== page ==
Looks pretty ominous, doesn't it? (R: That is the back of windmill)
Shortly after that photo, we are drenched and buffeted by a squall. The upside is that there are more puddles to ride through, washing our chains, bottom brackets, derailleurs, everything.
We make it to the outskirts of Münster and take a break on a dam to assess our situation. We already started to notice many more bicycles with casually dressed riders (as opposed to the those dressed for touring). A nice lady - early sixties, full matching rain outfit on a bicycle - puts us in the direction of a campingplatz and we are treated to a beautiful, stream-side path through the trees.
Camping Münster is crowded but, unlike other camp grounds, this one segregates the bicycle/tent campers from the caravan campers. We get a pretty good spot near a picnic bench (hurray! dinner sitting down tonight) between a grumpy couple who snore and a young couple (in their early 20s - he's an american hitching through Europe and she picked him up) that talk all night - they are in love; and we had a fantastic view of two amazing tenting families.
One came by car and set up an enormous tent. There are like six children in this brood and they run around screaming and playing. The kids were cool, but confused by my German - oh well.
The other family came by bicycle, and were pretty well set up before we got there. Two adults, three kids, and a dog. That's right, a bloody dog. And not a small dog, but some sort of big fucking english sheep dog. They were on two tandems and one of the kids rode their own bicycle. The dad pulled the dog trailer and the mom the supply trailer. Unreal. I caught a blurry photo of them as they were leaving the next day. Note the crank extension setup attached to the rear down tube that allows the kid to pedal.
That is a beer bottle in the kid's hand, in case you were wondering.
They also had an Ortlieb coffee maker.
I had a nice time talking with the dad. He said the Ortlieb coffee maker is the only thing they make that isn't waterproof. I asked him if it was always raining in Münsterland and he said, "If it is not raining, the bells are ringing." Which I took to mean, either it is raining or the bells are ringing (there is always some sort of bell ringing in Europe) and Ramona took to mean, it rains every 15 minutes, which is how often the bells ring.
The young couple beside us shared their fresh-picked blackberries with us for breakfast - the first ripe ones we've had.
I emailed a photo of my rash to Emily and Mabell for medical advice, then we left for Münster!
FYI, this is on my shaved pubic region. Ramona thought that might not be clear after I cropped my penis out of the photo.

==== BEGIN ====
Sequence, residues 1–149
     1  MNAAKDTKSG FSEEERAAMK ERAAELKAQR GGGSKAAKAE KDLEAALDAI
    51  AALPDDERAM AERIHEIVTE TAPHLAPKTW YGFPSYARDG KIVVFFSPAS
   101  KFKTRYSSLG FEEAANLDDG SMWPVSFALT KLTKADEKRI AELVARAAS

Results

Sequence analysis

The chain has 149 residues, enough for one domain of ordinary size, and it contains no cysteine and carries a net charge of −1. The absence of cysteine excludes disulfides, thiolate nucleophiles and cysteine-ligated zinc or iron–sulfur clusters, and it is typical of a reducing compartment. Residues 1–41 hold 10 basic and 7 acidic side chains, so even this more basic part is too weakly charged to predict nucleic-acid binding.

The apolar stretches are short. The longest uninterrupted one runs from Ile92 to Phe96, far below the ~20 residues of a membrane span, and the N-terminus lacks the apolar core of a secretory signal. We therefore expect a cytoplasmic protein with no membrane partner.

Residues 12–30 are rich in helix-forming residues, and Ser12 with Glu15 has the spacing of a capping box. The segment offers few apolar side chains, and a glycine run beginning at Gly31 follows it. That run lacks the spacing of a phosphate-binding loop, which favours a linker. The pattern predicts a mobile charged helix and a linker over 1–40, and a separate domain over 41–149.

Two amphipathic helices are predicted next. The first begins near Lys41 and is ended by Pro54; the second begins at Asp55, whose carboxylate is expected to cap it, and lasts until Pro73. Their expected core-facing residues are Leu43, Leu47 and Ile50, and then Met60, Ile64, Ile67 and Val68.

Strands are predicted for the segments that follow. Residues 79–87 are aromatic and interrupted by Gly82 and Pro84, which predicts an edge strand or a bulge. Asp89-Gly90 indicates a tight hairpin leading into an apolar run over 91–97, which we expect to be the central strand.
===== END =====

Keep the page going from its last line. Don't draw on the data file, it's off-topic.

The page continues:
The ride into town from the camp site is short and pleasant. It turns out Münster is a bicycle city. Unlike Freiburg, where the cyclist are jammed against the cars, pedestrians, and each other, Münster has a nice sense of space for everyone, even in the crowded centrum.
We stop first to buy Ramona a new back tire - 7 flats in a week. In the city center, we find an Apoteke where they direct me a doctor close by who can look at my rash.
Then things start falling into place. The doctor is in. She will see me right away. Ramona can use the bathroom. She diagnoses me (nothing serious, just a little infection brought on by chaffing). The visit is inexpensive. The medicine is inexpensive. We don't have cash, they are closing, no problem, we can drop the payment in the mail box. Honestly, it takes us more time to shop for groceries than this whole process. Awesome.
Then we are back on the street and off to a cafe. The waitress speaks perfect English, but manages to confuse our order - I have to eat a pineapple ham cheese sandwich. Which is only bad because I dislike pineapple and I had sworn off pork after days of riding past foul smelling pig farms. Oh well. I buy myself some tobacco to make up for it. Now we walk the bicycles over to the HUGE bookstore to buy maps. We find the right ones! Hurray!
While Ramona is inside the bookstore, I stay outside with the bicycles and watch the pedestrian traffic roll by. Oh, did I mention the centrum is foot and bike only? Cool. Cars are allowed, but they are very rare - less that 1 every couple of hours and usually for deliveries and such. The boundary between the street and the stores is super permeable. People wander in and out of stores as items catch their fancy or they remember something they needed. Several people talk to me about the bicycles.
We do a quick shop, then set out for a camping about 30 km west on the Europa R1. Thanks Münster! I wish we had had time to explore more, because we liked what we saw.